Stewart M. Patrick

The Internationalist

Patrick assesses the future of world order, state sovereignty, and multilateral cooperation.

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Showing posts for "Human Rights"

MLK, Obama, and the Audacity of Intervention in Syria

by Stewart M. Patrick
President Barack Obama speaks at a dedication ceremony of the Martin Luther King, Jr. National Memorial in Washington October 16, 2011. (Molly Riley/Courtesy Reuters) President Barack Obama speaks at a dedication ceremony of the Martin Luther King, Jr. National Memorial in Washington October 16, 2011. (Molly Riley/Courtesy Reuters)

At first glance the 50th anniversary of the March on Washington and the chemical weapons crisis in Syria seem entirely unrelated. But they offer an opportunity to juxtapose the visions of war and peace of two influential Americans. On the one side is the towering figure of Dr. Martin Luther King, Jr. (MLK), an apostle of nonviolent resistance, convinced that “violence never brings permanent peace.” On the other is President Barack Obama, himself product of the civil rights struggle, who confronts an agonizing policy choice in Syria after the suspected chemical weapons attack by the Assad regime on civilian populations last week. Read more »

Pluralism, Peace, and the “Responsibility to Innovate”

by Guest Blogger for Stewart M. Patrick
Former President Ronald Reagan addresses a crowd at the opening of the Reagan Library in Simi, California, November 4, 1991 (Gary Cameron/Courtesy Reuters). Former President Ronald Reagan addresses a crowd at the opening of the Reagan Library in Simi, California, November 4, 1991 (Gary Cameron/Courtesy Reuters).

Below is a guest post by Mark P. Lagon, adjunct senior fellow for human rights at the Council on Foreign Relations and professor at Georgetown University’s School of Foreign Service. Read more »

Introducing the Global Governance Report Card

by Stewart M. Patrick
Screen shot of the Global Governance Report Card page. Click www.cfr.org/reportcard to access the report. Screen shot of the Global Governance Report Card page. Click www.cfr.org/reportcard to access the report.

As Mayor of New York, the late Edward Koch famously asked constituents, “How’m I doing?” He got an earful. But he valued the instant feedback and even adjusted occasionally. As we commemorate Earth Day, we might ask the same question of ourselves – but on a planetary scale. When it comes to addressing the world’s gravest ills, how are we doing? Read more »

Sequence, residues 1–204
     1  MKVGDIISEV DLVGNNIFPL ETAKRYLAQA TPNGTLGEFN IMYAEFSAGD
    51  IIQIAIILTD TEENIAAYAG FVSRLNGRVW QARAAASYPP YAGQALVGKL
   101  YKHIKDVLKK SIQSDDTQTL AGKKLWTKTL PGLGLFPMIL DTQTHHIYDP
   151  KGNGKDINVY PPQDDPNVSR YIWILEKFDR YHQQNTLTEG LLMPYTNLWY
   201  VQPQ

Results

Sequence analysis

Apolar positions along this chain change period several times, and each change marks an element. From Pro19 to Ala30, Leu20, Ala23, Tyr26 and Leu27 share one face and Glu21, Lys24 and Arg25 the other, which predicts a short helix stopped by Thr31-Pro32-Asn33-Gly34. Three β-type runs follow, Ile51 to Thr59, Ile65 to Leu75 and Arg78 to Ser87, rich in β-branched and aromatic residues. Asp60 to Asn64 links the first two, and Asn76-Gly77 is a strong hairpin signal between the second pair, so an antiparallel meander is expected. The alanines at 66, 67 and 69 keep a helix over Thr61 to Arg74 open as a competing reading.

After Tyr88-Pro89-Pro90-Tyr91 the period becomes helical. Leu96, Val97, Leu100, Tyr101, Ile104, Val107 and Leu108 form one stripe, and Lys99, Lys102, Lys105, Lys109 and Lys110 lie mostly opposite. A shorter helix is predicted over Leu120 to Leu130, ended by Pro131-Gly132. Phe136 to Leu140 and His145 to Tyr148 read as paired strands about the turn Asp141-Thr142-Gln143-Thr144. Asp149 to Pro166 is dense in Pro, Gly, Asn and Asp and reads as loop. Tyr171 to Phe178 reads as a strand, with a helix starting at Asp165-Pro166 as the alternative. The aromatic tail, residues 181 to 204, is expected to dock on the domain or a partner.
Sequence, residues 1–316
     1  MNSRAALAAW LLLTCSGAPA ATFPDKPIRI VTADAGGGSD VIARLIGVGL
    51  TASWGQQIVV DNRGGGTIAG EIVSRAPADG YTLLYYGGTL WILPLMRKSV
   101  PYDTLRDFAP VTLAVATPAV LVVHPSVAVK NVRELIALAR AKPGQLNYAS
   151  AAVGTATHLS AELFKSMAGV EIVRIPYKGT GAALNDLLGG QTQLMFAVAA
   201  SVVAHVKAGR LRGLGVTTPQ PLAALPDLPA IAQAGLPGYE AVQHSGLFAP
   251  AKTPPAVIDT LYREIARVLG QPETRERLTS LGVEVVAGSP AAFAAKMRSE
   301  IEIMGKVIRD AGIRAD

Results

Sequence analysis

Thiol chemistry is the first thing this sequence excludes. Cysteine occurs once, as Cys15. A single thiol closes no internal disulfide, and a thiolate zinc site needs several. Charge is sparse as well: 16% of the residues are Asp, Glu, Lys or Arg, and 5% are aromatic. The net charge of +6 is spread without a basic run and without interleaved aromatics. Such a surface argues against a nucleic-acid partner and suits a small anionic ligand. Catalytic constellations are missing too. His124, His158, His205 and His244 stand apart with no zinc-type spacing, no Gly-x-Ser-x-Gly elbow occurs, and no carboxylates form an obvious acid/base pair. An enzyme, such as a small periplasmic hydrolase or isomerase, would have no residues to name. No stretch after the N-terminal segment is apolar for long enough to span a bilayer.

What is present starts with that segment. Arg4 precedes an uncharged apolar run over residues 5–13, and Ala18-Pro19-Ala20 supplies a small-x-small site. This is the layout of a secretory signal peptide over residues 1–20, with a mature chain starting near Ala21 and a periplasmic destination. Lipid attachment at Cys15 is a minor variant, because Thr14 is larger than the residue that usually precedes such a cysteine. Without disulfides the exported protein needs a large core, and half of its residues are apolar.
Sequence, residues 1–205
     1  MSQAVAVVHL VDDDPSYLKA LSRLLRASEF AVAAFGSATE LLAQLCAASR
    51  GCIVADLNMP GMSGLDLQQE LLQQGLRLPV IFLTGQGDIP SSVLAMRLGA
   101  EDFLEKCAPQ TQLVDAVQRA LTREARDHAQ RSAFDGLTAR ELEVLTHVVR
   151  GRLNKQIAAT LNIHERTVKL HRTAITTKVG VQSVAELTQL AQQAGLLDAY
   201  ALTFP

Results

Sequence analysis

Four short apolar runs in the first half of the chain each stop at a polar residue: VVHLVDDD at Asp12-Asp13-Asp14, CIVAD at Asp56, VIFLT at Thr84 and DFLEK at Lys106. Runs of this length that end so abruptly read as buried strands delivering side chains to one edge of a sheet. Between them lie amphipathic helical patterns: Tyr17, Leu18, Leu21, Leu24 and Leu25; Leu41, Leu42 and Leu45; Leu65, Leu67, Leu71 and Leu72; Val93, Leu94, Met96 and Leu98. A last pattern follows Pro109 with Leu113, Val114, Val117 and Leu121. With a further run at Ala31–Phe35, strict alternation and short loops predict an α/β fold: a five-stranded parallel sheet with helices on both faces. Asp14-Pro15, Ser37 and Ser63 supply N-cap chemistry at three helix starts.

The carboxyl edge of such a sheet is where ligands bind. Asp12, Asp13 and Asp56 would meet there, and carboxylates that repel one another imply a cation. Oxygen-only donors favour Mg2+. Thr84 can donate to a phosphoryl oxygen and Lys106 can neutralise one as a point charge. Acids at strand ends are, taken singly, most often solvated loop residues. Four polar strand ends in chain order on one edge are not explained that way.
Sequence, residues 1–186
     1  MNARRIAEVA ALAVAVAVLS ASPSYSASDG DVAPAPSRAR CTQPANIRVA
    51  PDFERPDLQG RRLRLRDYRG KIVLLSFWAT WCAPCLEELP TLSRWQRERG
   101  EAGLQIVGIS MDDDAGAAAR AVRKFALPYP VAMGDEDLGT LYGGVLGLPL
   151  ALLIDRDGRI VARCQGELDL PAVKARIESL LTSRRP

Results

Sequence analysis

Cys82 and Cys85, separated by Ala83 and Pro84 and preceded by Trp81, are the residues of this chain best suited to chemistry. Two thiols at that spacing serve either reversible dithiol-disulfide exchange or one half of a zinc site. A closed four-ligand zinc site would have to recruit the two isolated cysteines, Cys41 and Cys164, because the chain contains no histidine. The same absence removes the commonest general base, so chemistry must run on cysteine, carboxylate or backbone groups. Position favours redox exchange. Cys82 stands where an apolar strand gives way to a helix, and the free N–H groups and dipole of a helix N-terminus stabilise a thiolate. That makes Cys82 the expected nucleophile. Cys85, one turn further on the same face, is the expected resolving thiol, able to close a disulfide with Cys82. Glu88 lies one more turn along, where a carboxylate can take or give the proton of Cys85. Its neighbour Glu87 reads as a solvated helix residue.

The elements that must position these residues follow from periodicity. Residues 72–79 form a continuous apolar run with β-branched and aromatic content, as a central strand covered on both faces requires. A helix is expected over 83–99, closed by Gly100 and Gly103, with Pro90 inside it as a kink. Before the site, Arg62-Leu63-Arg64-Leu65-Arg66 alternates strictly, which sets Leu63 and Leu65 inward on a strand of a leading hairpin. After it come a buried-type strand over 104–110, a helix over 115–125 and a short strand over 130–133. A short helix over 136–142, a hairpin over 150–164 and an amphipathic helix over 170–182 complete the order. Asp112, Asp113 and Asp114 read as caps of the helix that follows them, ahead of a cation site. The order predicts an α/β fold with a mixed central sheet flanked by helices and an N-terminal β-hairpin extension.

“A Moment of Truth” for Syrian Refugees—and International Justice

by Stewart M. Patrick
Syrian refugees at a refugee camp in the Turkish border town of Yayladagi in Hatay province. (Umit Bektas/Courtesy Reuters) Syrian refugees at a refugee camp in the Turkish border town of Yayladagi in Hatay province. (Umit Bektas/Courtesy Reuters)

Yesterday Antonio Gutteres, the United Nation’s High Commissioner for Refugees, briefed the UN Security Council on the deteriorating humanitarian situation in Syria. Gutteres’ remarks, delivered in closed session but subsequently published on UNHCR’s website, provide a chilling summary of the human cost of this grinding conflict. The crisis, in his words, presents a “moment of truth” to the international community. That is true in at least two senses. The world needs to take bolder steps to alleviate human suffering in Syria. And it needs to hold the perpetrators of atrocities accountable. Read more »

Secretary Clinton’s Valedictory: “Widening the Aperture of Our Engagement”

by Stewart M. Patrick
U.S. Secretary of State Hillary Clinton answers questions from the audience at the Council on Foreign Relations in Washington on January 31, 2013 (Yuri Gripas/Courtesy Reuters). U.S. Secretary of State Hillary Clinton answers questions from the audience at the Council on Foreign Relations in Washington on January 31, 2013 (Yuri Gripas/Courtesy Reuters).

In a valedictory address delivered today at the Council on Foreign Relations in Washington, outgoing Secretary of State Hillary Clinton called for a new era of American global leadership. The United States remains the world’s “indispensable” power, she insisted. It is the cornerstone of a “just, rules-based international order.” But she warned against complacency. “Leadership is not a birthright,” she insisted. “It has to be earned by each new generation.” To lead in the twenty-first century, the United States will need to “adapt to these new realities of global power and influence,” by exploiting its entire array of policy levers, cultivating diverse partnerships and networks, and forging a “new international architecture” tailored to new global challenges and emerging powers. Read more »

November Surprise: The United States Wins Second Term on UN Human Rights Council

by Guest Blogger for Stewart M. Patrick
United States Ambassador Eileen Chamberlain Donahoe listens to a speech during the Human Rights Council special session on the situation in Syria at the United Nations European headquarters in Geneva on June 1, 2012 (Denis Balibouse/Courtesy Reuters). United States Ambassador Eileen Chamberlain Donahoe listens to a speech during the Human Rights Council special session on the situation in Syria at the United Nations European headquarters in Geneva on June 1, 2012 (Denis Balibouse/Courtesy Reuters).